Nigeria Update

by Africa Policy Information Center
Washington, DC, United States
March 1998
3 pages
Type: Mailing
Coverage in Africa: Nigeria
Coverage outside Africa: United States
Language: English
The mailing says it is almost five years since the Nigerian military regime overturned the results of Nigeria's June 12, 1993 presidential elections and more than two years since it executed environmental and human rights activist Ken Saro-Wiwa and eight colleagues in defiance of worldwide appeals for clemency. Although the U.S. has joined others around the world is criticizing the lack of democracy in Nigeria, the flow of money tells a different story. U.S. investments in Nigeria, led by investment in the oil sector, have grown from around $4 billion to as much as $7 billion in five years, and bilateral trade increased from $4.9 billion to $6.7 billion from 1994 to 1996. The military regime headed by General Sani Abacha has kept political prisoners in jail and stepped up repression against critics, journalists, and members of the Ogoni minority group in the Delta area. Shell, Mobil and other multinational oil companies are heavily invested in Nigeria's energy sector. The mailing reports that the Movement for the Survival of the Ogoni People (MOSOP) has protested environmental contamination of the land by multinational oil companies. The mailing discusses President Ibrahim Babangide; Bashir Tofa; Chief Moshood Abiola; General Olusegun Obasanjo, Dr. Beko Ransome-Kuti and Shehu Sani of the Campaign for Democracy; Frank Kokori and Milton Dabibbi of the oil workers union; Batom Mitee; Kudirat Abiola; and Major-General Musa Yar'Adua. People are asked to contact President Clinton and urge him to complete the Administration’s policy review on Nigeria before he travels to West Africa and to announce new substantive measures to pressure the Nigerian military regime to release prisoners and allow the country to return to democracy. Failure to do so will show lack of seriousness about supporting pro-democracy efforts. The mailing asks people to write to General Sani Abacha and urge him to release all political prisoners, lift barriers to free public debate, and implement a genuine transition to civilian rule. The mailing asks people to write Phillip J. Carroll, President of Shell Oil (U.S.), saying that Shell cannot evade responsibility for its environmental, social and political impacts. • Stronger Pressure Needed to Move Nigeria to Democracy • Background • Human Rights Abuses • The International Response • Actions • For Additional Background and Updates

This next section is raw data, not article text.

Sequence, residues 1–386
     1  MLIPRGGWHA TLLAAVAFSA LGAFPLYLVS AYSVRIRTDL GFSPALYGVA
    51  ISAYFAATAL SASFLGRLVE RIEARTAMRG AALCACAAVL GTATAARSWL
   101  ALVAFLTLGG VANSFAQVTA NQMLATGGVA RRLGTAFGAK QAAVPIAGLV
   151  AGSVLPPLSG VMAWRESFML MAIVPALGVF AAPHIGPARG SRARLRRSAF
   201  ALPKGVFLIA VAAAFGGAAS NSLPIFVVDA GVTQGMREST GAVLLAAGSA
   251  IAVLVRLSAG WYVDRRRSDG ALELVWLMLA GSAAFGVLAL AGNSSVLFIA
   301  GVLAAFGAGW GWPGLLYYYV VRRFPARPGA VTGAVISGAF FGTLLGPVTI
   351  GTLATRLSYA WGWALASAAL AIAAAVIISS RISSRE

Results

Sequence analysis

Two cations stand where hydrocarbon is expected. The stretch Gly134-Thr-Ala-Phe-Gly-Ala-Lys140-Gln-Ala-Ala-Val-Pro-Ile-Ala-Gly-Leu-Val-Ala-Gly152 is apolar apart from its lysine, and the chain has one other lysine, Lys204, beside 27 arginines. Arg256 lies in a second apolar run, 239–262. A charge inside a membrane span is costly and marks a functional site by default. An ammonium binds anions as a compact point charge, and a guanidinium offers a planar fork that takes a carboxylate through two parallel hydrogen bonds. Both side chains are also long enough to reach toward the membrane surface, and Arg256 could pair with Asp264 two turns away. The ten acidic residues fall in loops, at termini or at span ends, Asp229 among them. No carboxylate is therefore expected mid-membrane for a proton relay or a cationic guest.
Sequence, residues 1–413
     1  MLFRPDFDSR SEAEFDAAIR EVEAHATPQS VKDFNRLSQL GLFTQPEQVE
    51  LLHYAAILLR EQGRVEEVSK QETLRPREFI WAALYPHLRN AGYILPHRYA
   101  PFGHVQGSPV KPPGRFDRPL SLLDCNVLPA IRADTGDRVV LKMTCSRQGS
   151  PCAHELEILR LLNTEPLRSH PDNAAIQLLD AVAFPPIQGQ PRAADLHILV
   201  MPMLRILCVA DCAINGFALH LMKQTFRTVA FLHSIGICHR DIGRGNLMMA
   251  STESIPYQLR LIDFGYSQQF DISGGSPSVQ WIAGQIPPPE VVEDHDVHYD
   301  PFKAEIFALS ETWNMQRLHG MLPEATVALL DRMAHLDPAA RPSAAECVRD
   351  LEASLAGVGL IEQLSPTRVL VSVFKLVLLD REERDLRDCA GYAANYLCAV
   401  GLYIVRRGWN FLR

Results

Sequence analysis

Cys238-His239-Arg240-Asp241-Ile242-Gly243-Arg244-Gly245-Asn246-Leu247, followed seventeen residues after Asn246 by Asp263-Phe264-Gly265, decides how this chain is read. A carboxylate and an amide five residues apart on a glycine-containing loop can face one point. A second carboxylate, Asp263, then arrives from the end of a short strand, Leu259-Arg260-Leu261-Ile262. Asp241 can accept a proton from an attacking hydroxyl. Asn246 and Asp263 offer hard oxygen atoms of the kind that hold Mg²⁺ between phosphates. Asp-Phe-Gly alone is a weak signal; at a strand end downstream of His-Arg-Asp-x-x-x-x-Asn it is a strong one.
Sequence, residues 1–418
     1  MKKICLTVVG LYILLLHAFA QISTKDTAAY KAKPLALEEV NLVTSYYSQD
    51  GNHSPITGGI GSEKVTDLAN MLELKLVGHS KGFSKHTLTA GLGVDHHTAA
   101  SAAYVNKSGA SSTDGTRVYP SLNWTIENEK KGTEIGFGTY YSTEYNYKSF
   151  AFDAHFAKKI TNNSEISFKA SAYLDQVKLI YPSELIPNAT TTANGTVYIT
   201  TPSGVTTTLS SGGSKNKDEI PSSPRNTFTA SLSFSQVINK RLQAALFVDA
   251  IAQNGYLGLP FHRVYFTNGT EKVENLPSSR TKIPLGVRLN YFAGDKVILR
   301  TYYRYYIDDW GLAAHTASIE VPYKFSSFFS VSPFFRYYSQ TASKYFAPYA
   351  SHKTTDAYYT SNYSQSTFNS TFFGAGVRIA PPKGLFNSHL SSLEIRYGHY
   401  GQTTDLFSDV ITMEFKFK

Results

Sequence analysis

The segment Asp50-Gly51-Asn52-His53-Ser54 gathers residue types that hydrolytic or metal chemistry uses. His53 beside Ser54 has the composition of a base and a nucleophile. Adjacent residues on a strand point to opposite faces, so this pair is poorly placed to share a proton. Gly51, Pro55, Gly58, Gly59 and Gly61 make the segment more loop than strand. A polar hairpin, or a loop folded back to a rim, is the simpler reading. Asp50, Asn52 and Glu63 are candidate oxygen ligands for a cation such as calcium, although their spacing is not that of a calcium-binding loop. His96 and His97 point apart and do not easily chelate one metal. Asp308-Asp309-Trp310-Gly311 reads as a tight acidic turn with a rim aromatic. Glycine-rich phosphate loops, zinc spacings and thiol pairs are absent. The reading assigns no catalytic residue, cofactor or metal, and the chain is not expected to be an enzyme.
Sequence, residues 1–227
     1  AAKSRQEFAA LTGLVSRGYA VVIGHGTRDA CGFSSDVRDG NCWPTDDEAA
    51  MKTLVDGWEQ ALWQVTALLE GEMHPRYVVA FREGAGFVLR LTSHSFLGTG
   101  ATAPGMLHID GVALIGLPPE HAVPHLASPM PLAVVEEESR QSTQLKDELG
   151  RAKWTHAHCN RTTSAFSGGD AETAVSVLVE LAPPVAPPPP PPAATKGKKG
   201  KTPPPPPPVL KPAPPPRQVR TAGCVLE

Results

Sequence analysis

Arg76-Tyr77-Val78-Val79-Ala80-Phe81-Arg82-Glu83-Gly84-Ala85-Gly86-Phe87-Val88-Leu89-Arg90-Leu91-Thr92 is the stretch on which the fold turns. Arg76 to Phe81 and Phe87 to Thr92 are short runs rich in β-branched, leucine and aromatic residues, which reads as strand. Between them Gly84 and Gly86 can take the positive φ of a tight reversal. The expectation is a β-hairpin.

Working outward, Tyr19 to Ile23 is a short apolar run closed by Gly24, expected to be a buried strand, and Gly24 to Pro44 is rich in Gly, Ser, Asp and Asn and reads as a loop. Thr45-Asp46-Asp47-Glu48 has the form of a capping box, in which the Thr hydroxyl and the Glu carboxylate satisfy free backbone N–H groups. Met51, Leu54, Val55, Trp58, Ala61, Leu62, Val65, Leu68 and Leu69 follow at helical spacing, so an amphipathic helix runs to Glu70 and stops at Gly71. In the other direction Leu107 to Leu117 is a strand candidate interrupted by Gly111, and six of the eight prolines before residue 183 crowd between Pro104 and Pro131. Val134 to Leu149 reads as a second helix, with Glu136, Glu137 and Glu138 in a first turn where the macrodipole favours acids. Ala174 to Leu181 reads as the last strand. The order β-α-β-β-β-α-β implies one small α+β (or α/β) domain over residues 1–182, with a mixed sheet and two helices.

Used by permission of Africa Action (successor to the Africa Policy Information Center).
Collection: Private collection of David Wiley and Christine Root